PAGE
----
How many times have you noticed that people behave antisocial because of the hope of camouflage, the desire to avoid isolation as a recalcitrant and non-compliant individual? Have you ever seen someone hurt because “everyone else was doing it”? The fact that we have all observed these things, and that any of the culprits could easily, under the right circumstances, become an Adolf Eichmann, is a chilling realization.

As Arendt explained, “getting along with the rest and saying ‘we’ was enough to make the greatest of all crimes possible.”

Eichmann was a “superficial” and “clueless” carpenter, someone whose thoughts never ventured deeper than becoming a cog in the great, historic Nazi machine. In a way, he was an instrument of evil more than evil itself.

Commenting on Arendt’s thesis of the “banality of evil”, the philosopher Thomas White writes: “Eichmann reminds us of the protagonist of the novel by Albert Camus The stranger (1942), who casually and casually kills a man, but then later feels no remorse. There was no particular intention or obvious evil motive: the act simply ‘happened’. “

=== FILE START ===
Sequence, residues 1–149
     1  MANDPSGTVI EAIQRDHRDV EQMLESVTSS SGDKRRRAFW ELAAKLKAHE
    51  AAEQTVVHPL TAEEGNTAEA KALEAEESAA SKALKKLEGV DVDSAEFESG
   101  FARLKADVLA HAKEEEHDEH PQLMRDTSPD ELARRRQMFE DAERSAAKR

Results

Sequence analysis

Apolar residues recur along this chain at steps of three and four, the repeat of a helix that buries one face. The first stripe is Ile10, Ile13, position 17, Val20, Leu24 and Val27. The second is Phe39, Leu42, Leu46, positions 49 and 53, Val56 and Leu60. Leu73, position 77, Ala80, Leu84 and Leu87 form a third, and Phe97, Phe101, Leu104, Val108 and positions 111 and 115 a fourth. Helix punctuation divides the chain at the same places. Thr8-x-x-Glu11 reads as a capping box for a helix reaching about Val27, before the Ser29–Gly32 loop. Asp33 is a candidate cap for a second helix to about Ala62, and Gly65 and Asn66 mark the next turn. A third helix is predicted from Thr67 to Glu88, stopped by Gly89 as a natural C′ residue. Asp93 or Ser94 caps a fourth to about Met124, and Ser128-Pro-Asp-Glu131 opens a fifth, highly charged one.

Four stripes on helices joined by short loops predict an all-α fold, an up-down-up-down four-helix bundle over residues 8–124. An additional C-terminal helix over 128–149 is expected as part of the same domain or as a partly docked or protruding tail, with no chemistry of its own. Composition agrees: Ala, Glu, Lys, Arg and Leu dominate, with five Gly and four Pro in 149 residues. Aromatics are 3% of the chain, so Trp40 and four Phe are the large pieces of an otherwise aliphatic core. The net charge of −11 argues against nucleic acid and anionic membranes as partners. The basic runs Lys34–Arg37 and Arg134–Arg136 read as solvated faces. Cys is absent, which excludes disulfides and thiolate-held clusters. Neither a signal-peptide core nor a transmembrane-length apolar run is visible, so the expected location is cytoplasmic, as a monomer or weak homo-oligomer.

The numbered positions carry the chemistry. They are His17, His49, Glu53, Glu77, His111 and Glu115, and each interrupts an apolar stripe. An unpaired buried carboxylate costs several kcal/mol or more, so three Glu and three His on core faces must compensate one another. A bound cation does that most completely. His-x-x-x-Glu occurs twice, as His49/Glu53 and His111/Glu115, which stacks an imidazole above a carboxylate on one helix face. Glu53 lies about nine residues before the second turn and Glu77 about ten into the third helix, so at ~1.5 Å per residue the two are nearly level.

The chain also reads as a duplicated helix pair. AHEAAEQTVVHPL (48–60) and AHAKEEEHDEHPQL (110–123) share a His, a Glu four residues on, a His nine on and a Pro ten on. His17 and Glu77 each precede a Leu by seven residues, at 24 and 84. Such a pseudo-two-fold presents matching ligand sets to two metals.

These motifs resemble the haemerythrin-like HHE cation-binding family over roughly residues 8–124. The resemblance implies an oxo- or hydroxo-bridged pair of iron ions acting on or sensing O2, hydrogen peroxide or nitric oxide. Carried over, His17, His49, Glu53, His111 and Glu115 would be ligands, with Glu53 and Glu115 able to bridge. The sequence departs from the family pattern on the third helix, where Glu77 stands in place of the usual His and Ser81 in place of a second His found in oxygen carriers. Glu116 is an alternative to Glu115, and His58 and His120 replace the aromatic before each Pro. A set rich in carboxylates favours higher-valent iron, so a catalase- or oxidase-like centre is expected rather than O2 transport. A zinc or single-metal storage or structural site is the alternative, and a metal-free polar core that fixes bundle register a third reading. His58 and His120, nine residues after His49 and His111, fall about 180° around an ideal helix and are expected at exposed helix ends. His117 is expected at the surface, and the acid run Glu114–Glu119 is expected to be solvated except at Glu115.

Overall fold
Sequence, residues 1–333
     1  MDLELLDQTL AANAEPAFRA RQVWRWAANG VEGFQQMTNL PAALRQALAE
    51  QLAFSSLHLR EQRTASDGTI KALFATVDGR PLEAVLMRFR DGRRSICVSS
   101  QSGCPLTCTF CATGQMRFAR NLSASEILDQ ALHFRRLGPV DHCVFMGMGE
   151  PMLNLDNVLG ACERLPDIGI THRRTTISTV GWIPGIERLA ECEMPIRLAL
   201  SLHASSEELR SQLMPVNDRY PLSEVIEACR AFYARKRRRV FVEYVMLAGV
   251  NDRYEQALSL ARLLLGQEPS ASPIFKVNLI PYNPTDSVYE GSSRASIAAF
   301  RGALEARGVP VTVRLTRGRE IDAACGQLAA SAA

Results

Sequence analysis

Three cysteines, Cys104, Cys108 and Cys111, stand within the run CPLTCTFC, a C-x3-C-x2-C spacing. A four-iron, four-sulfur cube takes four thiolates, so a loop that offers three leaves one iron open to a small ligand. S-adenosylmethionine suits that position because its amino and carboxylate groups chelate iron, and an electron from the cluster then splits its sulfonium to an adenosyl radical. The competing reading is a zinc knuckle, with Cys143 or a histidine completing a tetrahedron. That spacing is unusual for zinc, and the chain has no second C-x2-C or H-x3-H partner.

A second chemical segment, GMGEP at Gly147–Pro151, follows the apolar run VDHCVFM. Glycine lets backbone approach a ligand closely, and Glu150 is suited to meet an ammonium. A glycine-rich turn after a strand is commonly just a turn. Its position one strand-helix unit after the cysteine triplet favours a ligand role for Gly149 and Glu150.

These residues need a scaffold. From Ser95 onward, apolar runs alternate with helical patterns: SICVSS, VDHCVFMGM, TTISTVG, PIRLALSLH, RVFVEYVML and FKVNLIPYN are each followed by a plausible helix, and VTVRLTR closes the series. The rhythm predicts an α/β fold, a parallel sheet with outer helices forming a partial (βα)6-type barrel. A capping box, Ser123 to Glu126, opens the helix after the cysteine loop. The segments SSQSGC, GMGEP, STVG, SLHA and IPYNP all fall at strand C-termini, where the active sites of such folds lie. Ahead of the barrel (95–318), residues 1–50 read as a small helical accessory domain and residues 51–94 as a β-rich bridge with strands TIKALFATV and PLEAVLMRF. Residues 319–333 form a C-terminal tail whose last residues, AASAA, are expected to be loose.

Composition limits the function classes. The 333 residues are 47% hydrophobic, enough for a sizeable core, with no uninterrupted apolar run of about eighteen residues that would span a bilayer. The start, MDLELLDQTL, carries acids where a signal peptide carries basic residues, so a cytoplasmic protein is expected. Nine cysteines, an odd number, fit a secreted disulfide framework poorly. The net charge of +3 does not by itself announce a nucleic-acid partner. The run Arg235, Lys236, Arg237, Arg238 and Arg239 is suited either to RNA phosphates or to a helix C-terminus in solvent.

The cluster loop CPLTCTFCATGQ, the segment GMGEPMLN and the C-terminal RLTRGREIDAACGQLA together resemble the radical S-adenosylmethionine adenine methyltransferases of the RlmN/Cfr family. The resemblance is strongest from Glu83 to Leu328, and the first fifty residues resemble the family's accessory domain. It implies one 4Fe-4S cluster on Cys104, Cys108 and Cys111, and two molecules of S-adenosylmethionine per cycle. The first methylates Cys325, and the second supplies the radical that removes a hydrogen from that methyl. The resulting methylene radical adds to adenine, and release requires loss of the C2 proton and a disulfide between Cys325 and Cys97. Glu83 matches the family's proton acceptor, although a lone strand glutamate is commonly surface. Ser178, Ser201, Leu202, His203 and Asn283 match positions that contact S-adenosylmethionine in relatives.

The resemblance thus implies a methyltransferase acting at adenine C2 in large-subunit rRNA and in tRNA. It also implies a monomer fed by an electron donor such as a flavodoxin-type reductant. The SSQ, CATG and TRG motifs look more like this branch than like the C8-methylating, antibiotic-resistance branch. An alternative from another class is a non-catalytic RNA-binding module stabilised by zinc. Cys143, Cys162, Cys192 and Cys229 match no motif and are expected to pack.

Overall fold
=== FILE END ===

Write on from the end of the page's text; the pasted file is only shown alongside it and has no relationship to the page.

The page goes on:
Perhaps Hannah Arendt underestimated Eichmann. After all, he attempted to hide the evidence and cover up his tracks long before the Israelis captured him in Argentina in 1960, facts which suggest that he actually understood the seriousness of his crimes. It is undeniable, however, that “normal” people are capable of horrific crimes when possessed by power or the desire to obtain it, especially if it helps them “fit in” to the gang that already wields it.